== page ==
Friday, March 5, 2010

Birth of Art of Breeding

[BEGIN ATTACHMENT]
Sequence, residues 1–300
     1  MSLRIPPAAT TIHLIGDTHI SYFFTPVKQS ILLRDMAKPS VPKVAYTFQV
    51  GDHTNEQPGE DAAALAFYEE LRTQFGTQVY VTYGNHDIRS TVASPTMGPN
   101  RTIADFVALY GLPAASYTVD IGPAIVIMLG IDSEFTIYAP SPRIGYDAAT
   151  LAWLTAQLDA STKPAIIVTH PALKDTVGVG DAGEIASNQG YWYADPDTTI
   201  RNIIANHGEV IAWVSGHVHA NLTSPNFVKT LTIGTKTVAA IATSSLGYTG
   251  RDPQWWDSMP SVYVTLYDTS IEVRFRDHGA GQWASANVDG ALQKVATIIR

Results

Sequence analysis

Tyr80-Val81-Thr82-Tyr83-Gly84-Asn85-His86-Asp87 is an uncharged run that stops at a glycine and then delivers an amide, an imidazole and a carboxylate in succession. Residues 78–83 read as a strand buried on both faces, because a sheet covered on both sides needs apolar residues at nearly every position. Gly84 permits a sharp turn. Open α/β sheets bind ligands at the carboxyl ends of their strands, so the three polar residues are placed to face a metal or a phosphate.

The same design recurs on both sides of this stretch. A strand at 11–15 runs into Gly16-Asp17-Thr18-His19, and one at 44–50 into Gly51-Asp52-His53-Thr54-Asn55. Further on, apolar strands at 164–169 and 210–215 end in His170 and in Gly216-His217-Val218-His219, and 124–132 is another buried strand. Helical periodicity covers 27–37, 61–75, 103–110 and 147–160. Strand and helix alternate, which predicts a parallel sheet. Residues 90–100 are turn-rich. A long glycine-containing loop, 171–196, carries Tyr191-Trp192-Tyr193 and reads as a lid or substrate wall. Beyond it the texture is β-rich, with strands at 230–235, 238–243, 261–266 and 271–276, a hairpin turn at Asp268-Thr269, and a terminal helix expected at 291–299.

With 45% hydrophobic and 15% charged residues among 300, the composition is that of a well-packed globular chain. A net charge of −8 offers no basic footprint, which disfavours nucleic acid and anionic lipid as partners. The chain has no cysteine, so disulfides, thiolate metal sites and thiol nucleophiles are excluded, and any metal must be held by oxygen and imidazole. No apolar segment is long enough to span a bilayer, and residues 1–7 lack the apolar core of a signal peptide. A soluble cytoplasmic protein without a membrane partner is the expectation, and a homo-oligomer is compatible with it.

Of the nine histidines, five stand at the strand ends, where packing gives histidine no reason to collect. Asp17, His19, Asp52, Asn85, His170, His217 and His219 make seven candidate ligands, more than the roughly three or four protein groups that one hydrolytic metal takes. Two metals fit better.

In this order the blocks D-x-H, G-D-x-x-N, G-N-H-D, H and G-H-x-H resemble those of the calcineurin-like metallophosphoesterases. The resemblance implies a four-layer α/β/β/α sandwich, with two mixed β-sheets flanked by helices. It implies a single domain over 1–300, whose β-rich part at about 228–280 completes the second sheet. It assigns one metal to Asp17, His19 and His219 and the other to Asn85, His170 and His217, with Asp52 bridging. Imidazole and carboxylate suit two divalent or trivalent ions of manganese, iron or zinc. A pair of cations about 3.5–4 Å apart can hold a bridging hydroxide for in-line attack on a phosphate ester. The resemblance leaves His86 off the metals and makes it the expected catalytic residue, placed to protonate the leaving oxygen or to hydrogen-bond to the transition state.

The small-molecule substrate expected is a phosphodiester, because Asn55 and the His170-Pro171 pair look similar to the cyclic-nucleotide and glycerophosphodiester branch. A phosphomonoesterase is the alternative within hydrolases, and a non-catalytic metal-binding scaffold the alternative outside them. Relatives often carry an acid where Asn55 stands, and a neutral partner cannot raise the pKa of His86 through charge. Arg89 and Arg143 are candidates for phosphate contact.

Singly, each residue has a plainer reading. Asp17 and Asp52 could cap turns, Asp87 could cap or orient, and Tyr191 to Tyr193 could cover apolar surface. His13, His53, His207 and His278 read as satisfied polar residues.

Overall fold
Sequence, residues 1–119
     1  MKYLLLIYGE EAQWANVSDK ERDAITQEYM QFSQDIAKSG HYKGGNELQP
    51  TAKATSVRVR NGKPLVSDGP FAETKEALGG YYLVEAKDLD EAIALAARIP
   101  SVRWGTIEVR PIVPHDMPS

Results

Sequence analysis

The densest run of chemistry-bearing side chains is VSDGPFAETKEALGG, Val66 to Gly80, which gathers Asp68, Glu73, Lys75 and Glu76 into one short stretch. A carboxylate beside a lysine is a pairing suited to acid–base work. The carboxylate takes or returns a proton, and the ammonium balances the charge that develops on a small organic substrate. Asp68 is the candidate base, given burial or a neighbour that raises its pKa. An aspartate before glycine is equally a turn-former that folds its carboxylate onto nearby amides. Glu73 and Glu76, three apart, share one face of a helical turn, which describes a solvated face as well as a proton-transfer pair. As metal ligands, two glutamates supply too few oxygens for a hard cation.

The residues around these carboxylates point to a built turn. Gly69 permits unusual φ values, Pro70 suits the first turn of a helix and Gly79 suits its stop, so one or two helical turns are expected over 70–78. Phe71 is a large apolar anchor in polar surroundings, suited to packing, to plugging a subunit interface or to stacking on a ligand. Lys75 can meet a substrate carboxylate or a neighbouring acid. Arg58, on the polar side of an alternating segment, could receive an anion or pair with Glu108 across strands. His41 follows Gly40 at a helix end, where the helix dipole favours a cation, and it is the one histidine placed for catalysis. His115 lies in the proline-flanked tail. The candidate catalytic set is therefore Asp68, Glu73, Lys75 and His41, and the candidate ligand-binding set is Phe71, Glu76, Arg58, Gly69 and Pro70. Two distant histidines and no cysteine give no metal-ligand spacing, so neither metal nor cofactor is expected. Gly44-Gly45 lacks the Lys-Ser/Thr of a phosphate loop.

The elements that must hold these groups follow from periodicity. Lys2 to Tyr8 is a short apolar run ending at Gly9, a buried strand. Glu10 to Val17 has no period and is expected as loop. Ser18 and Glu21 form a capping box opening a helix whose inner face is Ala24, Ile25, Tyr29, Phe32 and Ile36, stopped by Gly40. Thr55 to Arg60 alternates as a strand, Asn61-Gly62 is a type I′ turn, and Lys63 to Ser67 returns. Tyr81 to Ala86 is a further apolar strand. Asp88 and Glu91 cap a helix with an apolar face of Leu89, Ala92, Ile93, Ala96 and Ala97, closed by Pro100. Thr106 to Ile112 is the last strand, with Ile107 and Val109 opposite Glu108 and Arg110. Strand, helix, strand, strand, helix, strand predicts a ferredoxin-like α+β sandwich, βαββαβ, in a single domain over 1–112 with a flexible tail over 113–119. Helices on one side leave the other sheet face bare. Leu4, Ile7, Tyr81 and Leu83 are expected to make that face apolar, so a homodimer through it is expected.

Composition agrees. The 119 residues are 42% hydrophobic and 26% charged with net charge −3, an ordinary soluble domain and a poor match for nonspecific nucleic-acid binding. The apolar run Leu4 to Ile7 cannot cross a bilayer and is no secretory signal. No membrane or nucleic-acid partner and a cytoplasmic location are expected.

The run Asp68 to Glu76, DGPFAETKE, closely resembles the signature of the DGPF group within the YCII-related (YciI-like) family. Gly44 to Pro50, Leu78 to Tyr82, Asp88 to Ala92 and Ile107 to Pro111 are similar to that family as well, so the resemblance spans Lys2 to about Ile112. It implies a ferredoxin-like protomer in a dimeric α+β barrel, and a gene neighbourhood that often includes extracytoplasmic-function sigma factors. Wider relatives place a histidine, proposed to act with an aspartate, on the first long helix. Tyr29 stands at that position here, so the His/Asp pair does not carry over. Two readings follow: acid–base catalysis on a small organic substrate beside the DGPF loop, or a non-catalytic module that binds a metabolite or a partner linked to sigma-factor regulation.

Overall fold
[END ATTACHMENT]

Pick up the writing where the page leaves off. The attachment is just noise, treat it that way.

Up to about 1770 these natural conditions and the introduction of new types by the means of conquest and migration were the chief factors in the development of distinct breeds. Beginning about 1770, a great interest was aroused in England in the improvement of the quality of cattle and other domestic animals of Great Britain. This exceedingly important movement known as the art of breeding seems to have started largely as the result of the work of Robert Bakewell. This pioneer in the art of breeding began active operations about 1760 and continued until his death in 1795. The activities of the Collings brothers in improving the Shorthorn breed, beginning about 1780, rank next to those of Bakewell in calling public attention to the possibilities of livestock improvement. The remarkable movement initiated by these men for the improvement of domestic animals spread over Great Britain and influenced the entire civilized world as well; the beginning of modern improved breeds is to be traced back to it.


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